PDT Staff Writer
Members of the Scioto County Drug Task Force, consisting of the Portsmouth Police, Scioto County Sheriff’s Office, and the Federal Bureau of Investigation, along with troopers from the Ohio State Highway Patrol and members of the Special Response Team at Southern Ohio Correctional Facility, cut some 1,100 marijuana plants with a street value of $1.1 million over a two-day period Monday and Wednesday.
“That’s a pretty good haul,” Scioto County Sheriff Marty V. Donini said, pointing at the truckload of pot. “We don’t normally come up with that much. They are about $1,000 a plant.”
“We perform the eradication program annually,” Donini said. “BCI&I (Bureau of Criminal Identification and Investigation) actually brings a helicopter down. Not just in our county. They do it throughout the state. They have a pilot along with a spotter, somebody who has a lot of experience spotting it in the air. They actually look for the plant itself because it has a different color from most vegetation. Then there’s other things they look for.”
Donini said he doesn’t have figures as to how much an eradication of that size affects street drug traffic.
“It affects it to a certain point,” Donini said. “This is homegrown stuff. How much of it would actually hit the street depends on how motivated the grower was. You would think that he would come back and get it. It’s hard to tell how much it affects the trafficking, because there are others that buy the different types of marijuana that is not homegrown.”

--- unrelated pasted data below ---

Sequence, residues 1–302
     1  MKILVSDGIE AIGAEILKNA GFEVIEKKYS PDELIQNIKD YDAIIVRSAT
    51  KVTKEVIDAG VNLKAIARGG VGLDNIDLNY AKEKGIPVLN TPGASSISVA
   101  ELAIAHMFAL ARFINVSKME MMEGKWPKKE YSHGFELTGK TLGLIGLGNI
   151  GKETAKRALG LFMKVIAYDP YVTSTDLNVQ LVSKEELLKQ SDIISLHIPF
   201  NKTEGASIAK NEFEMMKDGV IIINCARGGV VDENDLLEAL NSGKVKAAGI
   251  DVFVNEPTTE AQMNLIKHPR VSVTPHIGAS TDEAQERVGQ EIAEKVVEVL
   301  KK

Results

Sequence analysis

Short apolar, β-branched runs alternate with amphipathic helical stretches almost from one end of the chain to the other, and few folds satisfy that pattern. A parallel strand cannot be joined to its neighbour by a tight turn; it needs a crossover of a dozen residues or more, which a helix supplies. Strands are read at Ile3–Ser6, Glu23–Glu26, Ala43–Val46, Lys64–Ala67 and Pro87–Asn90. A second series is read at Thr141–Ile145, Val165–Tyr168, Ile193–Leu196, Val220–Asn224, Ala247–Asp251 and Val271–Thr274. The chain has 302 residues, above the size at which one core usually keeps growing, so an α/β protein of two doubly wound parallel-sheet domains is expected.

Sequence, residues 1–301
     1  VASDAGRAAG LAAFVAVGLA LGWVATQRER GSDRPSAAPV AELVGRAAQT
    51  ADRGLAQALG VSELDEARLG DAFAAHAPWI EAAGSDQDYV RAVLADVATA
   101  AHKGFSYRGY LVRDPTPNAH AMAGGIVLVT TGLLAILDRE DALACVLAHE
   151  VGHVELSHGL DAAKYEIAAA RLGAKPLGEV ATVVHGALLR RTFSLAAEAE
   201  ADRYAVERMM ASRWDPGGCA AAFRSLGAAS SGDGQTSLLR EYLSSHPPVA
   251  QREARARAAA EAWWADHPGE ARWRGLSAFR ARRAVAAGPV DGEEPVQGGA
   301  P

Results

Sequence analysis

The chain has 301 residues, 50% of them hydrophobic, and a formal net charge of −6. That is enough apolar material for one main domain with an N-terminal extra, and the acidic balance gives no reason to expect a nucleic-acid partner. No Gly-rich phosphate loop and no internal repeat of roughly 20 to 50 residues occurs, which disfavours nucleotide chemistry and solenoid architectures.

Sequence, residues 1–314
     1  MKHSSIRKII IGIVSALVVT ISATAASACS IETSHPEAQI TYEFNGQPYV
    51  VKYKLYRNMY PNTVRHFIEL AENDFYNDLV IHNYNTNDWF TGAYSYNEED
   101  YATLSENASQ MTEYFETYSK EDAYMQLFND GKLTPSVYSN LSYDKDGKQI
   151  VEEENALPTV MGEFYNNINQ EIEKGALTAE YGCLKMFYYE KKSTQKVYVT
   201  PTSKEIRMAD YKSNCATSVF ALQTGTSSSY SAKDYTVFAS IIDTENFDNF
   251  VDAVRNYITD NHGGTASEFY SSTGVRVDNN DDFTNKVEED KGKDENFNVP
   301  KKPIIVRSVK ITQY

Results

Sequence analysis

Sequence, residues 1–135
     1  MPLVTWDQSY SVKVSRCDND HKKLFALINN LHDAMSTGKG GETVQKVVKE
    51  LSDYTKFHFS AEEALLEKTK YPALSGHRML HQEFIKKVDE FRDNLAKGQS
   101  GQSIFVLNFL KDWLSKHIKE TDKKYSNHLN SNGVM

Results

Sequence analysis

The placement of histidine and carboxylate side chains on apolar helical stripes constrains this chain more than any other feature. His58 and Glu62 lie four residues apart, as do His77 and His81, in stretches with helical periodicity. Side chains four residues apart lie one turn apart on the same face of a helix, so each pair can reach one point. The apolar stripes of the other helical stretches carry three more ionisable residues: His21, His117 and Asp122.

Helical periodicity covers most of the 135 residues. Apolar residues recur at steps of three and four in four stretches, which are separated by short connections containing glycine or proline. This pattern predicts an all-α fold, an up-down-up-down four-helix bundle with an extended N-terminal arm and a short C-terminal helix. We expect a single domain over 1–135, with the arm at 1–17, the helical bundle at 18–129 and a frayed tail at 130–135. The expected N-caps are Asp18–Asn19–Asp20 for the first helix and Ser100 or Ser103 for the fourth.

Donini said what they do with the marijuana depends on the depth of the case.
“It depends on whether or not they have any evidence and probable cause as to who is actually growing it.” Donini said. “If they have reason to believe they know who it is, they might hang on to it and send it to BCI&I and get it weighed and get it tested. That way they can have those results for the court case. But if there’s no suspects involved they’ll actually destroy it. They’ll probably destroy it this evening by burning it.”
Donini said southern Ohio usually yields more marijuana during eradication efforts than other parts of the state.
“All of the southern counties normally yield more,” Donini said. “I don’t know if it’s the terrain to where it’s more hilly. Sometimes they actually try to hide it in corn rows, but this year we have not had much rain which makes it kind of odd that we got this much this year.”
Frank Lewis may be reached at 740-353-3101, ext. 232, or at email@example.com